Agaricus Campestris [field or meadow mushroom]


Since the foray Wednesday, all I could think about was getting out again. My mushroom hunting in the past was usually in a very specific spot, for a very specific kind. More of a waiting game. Wednesday’s foray was more ‘dive in and see what you find’ – which is far more exciting.  So after a few days of generally deciding to temper my enthusiasm and wait until next week’s guided foray with the Alberta Mycological Society, I caved and figured I’d just get


11 Responses

  1. Greg says:

    I love that in mycological circles there is room for such specific debate issues as the decision to snap off or cut mushrooms. Such care for the subtle preferences of these mysterious things, even if irresolutely.

  2. Can’t wait to hear what you find out – and I hope it is soon enough to eat them, if they are edible!

  3. Jasmine says:

    You’ve stumbled across a great cache of my favourite local edible, Agaricus campestris (field mushroom). It’s basically the wild equivalent of the cultivated button mushroom. Damned tasty too.

    Here’s the full details:

    All this rain has mean an extended cropping season, and since they prefer fields (such as schoolyards and parks) Edmonton grows a lot of them. Enjoy! If you see any Boletes let a girl know, k?

  4. Kevin says:

    Jasmine – THANK YOU. I was confident on the Agaricus [no volva suggesting Amanita], and no yellow staining so not Xanthodermus, but still am pretty green at this, so have been cautious with my assessment. Campestris was my top contender for an ID guess [gills too brown, not pinky enough for Arvensis], so I’m very glad to hear you agree. And yes, if I locate some more boletes, I’ll be in touch – if for no other reason than as a ‘thank you’ for weighing in here!

    Here’s most of my notes:
    partial veil, stuck to stem
    white top, with some yellow on mature specimens, turning to brown
    starts with wide convex, flattens with maturity
    gills are white young, brown maturity
    spore print is med brown
    very bulby young specimens, with partial veil closed
    didn’t seem to take long to get to browny/pinky/purply gill color stage
    light shagginesss at base of stem
    one specimen had fused stem bases
    mature cap diameter of 4-6″ maybe
    young ones look like big button mushrooms from the store, with a more round, bulgy top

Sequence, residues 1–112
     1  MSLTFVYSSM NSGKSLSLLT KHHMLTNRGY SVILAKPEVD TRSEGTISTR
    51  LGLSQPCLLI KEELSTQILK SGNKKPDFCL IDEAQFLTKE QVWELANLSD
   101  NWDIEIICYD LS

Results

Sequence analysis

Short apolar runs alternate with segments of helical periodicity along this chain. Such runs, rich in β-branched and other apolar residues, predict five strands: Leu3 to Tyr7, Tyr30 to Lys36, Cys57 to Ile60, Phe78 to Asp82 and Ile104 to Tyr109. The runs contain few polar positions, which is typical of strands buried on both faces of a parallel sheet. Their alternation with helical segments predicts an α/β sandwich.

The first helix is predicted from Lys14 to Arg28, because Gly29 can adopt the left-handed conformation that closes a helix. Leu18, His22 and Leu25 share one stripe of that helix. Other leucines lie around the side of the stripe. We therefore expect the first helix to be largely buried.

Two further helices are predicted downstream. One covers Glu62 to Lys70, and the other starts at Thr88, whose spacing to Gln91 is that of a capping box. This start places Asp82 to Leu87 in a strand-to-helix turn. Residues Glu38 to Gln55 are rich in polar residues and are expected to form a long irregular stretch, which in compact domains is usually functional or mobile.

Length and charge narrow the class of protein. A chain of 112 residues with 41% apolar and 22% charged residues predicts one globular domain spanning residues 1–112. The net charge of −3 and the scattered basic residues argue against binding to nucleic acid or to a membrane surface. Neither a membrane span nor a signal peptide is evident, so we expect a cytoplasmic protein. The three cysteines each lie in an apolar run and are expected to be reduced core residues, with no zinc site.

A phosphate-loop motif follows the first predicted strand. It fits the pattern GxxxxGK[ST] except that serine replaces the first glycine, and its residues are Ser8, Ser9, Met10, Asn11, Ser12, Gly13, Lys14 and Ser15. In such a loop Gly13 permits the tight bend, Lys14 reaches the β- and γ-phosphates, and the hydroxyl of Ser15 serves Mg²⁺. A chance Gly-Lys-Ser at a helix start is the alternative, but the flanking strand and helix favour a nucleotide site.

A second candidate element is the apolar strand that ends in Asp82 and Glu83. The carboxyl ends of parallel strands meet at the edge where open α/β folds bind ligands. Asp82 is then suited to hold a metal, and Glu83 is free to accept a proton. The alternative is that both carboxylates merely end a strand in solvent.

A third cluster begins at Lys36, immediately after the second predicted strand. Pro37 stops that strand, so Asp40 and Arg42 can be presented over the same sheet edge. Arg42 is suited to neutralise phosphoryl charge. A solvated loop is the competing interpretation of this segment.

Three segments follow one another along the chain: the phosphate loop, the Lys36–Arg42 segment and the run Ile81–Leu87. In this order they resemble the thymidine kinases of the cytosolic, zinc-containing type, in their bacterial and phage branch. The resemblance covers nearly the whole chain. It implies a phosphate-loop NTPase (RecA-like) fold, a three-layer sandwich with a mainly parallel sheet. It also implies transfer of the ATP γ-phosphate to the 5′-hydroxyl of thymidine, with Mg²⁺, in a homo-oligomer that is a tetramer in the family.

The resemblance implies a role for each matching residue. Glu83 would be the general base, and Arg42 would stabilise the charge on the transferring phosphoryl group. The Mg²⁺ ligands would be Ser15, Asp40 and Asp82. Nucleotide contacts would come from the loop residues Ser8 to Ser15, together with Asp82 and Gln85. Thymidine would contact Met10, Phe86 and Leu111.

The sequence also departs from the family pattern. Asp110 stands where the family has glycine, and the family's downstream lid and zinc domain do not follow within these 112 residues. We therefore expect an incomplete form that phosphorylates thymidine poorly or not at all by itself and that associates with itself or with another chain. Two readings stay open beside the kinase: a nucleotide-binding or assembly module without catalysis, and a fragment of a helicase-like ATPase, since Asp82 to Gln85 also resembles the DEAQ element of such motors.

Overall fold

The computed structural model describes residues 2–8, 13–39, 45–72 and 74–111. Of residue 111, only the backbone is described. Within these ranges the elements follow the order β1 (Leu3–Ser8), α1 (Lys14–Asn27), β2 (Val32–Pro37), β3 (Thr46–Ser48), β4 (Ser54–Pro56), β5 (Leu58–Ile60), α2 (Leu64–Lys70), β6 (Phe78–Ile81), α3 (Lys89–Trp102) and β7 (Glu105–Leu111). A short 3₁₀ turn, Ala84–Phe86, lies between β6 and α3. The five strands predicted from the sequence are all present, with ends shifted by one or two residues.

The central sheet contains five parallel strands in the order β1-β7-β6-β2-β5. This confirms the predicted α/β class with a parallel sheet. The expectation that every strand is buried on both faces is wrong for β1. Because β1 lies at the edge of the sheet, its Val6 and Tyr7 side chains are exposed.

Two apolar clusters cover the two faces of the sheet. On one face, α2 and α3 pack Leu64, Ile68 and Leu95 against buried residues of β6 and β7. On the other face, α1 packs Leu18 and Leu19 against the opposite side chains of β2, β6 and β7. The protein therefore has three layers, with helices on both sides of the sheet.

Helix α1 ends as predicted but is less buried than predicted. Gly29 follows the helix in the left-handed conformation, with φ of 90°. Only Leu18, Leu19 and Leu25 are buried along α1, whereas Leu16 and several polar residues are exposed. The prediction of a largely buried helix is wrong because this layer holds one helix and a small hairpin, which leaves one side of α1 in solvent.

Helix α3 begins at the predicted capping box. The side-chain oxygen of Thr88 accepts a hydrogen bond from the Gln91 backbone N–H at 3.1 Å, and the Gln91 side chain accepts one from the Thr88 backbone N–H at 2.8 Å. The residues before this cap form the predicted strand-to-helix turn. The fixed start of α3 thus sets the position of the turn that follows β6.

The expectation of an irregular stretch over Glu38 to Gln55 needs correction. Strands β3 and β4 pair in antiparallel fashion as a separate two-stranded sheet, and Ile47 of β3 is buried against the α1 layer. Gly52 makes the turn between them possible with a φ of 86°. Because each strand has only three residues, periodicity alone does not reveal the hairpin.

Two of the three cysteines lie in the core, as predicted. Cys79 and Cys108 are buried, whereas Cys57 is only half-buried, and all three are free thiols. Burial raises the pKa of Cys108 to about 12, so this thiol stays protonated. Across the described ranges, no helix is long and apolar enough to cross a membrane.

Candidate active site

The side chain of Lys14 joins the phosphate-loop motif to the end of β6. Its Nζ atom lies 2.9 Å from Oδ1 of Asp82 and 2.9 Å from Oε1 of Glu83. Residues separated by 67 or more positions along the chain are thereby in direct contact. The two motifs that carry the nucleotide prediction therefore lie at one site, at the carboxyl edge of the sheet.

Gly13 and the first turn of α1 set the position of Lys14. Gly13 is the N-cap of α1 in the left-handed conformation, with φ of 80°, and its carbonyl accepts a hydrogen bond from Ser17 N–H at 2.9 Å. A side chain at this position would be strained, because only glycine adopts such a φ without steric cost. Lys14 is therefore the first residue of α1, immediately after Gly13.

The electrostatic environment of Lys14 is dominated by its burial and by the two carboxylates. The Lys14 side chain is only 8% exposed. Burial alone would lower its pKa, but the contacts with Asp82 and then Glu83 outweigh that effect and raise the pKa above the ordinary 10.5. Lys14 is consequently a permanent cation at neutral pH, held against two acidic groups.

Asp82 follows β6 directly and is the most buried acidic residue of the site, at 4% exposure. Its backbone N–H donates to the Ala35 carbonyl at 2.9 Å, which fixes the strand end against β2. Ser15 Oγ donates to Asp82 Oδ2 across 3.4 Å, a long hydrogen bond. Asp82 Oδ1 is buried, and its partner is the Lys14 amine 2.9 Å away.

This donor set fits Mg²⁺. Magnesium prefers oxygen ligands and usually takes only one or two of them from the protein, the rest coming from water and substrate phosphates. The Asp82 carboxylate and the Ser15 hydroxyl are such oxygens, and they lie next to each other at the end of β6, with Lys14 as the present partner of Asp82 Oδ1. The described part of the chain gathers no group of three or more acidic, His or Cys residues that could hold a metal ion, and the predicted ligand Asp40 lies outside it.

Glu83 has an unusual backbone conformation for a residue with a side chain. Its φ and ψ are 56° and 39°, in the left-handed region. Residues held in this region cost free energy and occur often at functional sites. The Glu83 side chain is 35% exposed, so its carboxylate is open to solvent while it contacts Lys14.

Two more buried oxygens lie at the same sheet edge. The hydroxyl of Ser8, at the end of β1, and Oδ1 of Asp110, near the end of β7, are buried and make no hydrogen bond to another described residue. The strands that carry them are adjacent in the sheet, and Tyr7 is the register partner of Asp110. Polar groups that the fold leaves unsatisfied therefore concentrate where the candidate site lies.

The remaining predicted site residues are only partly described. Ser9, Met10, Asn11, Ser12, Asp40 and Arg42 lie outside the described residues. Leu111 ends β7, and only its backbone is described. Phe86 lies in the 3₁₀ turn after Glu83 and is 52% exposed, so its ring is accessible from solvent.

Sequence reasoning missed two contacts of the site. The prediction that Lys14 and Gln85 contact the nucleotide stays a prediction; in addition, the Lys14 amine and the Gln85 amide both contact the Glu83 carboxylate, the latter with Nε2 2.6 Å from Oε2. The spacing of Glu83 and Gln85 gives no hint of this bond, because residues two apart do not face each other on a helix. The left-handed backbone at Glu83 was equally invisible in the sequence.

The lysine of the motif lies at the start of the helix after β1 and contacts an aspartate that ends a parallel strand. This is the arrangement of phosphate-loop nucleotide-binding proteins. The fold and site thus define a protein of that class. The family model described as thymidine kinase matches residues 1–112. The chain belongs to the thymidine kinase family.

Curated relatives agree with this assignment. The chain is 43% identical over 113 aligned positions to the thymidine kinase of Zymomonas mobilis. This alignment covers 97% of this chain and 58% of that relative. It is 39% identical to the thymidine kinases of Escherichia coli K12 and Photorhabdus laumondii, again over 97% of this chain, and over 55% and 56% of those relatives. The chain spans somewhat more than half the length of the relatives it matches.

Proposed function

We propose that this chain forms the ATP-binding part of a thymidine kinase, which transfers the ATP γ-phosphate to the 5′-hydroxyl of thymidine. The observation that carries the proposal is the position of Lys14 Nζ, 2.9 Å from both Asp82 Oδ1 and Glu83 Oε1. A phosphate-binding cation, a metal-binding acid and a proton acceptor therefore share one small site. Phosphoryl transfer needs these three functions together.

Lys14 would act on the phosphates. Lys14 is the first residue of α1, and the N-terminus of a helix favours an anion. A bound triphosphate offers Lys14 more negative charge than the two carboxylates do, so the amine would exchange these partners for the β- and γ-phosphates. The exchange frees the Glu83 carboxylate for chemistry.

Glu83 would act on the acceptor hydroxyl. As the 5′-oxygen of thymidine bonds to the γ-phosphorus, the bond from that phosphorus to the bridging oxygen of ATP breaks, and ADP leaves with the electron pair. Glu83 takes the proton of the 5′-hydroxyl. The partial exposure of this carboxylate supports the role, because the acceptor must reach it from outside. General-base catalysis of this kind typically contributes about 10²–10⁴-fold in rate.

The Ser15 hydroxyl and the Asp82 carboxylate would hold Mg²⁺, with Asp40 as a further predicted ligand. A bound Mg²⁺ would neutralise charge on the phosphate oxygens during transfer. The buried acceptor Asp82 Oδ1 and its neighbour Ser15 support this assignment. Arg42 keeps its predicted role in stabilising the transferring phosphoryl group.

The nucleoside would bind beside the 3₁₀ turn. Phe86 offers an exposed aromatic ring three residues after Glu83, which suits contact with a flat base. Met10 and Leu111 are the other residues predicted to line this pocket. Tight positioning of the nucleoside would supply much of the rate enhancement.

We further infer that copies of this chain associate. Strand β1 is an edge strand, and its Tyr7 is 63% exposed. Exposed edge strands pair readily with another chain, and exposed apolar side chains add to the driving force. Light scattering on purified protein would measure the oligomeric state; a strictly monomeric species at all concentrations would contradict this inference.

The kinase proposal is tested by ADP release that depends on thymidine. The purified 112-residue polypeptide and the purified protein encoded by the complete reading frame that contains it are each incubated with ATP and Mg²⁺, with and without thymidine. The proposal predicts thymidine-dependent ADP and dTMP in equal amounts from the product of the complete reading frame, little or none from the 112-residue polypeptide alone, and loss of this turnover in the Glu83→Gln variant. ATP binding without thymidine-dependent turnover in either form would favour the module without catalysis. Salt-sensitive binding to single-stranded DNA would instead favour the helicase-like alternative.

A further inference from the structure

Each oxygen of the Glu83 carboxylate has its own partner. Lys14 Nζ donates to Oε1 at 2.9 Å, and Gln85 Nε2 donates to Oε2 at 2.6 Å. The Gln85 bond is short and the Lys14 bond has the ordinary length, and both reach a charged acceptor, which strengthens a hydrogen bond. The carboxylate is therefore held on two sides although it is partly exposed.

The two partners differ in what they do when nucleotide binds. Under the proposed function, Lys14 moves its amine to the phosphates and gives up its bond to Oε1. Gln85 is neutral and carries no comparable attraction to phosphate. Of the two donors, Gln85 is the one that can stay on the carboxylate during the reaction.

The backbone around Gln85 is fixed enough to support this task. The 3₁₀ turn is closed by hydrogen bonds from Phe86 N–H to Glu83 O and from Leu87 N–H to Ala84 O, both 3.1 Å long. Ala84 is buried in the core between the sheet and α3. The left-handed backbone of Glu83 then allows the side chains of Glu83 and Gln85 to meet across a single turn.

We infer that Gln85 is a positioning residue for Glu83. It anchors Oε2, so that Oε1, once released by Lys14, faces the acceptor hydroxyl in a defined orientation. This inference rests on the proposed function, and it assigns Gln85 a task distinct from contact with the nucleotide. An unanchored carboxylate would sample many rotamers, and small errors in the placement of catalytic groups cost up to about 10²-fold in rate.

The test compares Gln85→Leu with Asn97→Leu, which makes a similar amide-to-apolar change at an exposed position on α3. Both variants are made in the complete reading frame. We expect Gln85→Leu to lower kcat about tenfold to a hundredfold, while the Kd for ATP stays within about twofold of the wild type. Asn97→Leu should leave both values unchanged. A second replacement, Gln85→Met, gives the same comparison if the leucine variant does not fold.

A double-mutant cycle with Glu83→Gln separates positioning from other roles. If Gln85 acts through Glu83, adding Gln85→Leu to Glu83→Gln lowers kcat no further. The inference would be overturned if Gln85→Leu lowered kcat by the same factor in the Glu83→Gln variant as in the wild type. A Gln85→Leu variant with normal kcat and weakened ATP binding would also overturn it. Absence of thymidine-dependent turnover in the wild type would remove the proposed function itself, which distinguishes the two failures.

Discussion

they were growing in mowed grass along the edge of the unmowed riverbank
    stems are long, perhaps to get them out of grass, 4″+, and sturdy med thick
    smell is very pleasant, classic ‘mushroom’ aroma
    not presence of yellow staining at base of stem when cut [agaricus xanthodermus ruled out]
    didn’t notice a circle ‘fairy ring’ pattern, more of a here and there pattern perhaps
    Harvested 24-30, but there were likely 40-50 in that one spot

  5. [...] Perennial Plate « Agaricus Campestris [field or meadow mushroom] 18 [...]

  6. Barry Preuett says:

    The younger specimens above look a lot like Aminata’s (aka Death Angels) around here. White shrooms with white veil and white spore print = STAY AWAY!!! hehe

  7. Kevin says:

    Barry – great point, that having a variety of maturities is important to be able to do a confident ID. Also worth knowing how to ID an Amanita, and any other lookalikes that may exist in your area!

  8. Jasmine says:

    Glad I could help. Speaking of wqhich, I went wandering through the University area on my lunch yesterday and had to return early, my bag of ‘shrooms was getting to heavy to carry comfortably. I’d guesstimate 12-15lbs within six square blocks of my office. If you ever need ‘shrooms, come visit (the Uni doesn’t use pesticides on any of their properties, organic-ish mushrooms for free, score!)

  9. Kevin says:

    Jasmine – wow. Good to know. Ever need…hah…I’m stocking up for the winter.

  10. The Cheesiry says:

    I will have togo out to our coulee to look for shrooms. THe fairy rings are finally growing but we usually get edibles growing in the yard…nothing yet though!

  11. [...] one in a lifetime. I had a free evening, so figured I’d go check to see if any more Agaricus Campestris had showed up where I found them last – in the river valley only a couple km away. No dice. [...]

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